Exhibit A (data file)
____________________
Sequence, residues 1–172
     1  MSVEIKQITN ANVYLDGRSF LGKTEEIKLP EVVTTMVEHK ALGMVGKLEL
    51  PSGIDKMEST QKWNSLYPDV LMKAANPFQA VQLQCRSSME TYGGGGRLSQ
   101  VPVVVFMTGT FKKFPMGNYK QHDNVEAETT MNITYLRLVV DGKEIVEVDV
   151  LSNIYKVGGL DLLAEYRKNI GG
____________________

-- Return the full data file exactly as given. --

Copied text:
Sequence, residues 1–172
     1  MSVEIKQITN ANVYLDGRSF LGKTEEIKLP EVVTTMVEHK ALGMVGKLEL
    51  PSGIDKMEST QKWNSLYPDV LMKAANPFQA VQLQCRSSME TYGGGGRLSQ
   101  VPVVVFMTGT FKKFPMGNYK QHDNVEAETT MNITYLRLVV DGKEIVEVDV
   151  LSNIYKVGGL DLLAEYRKNI GG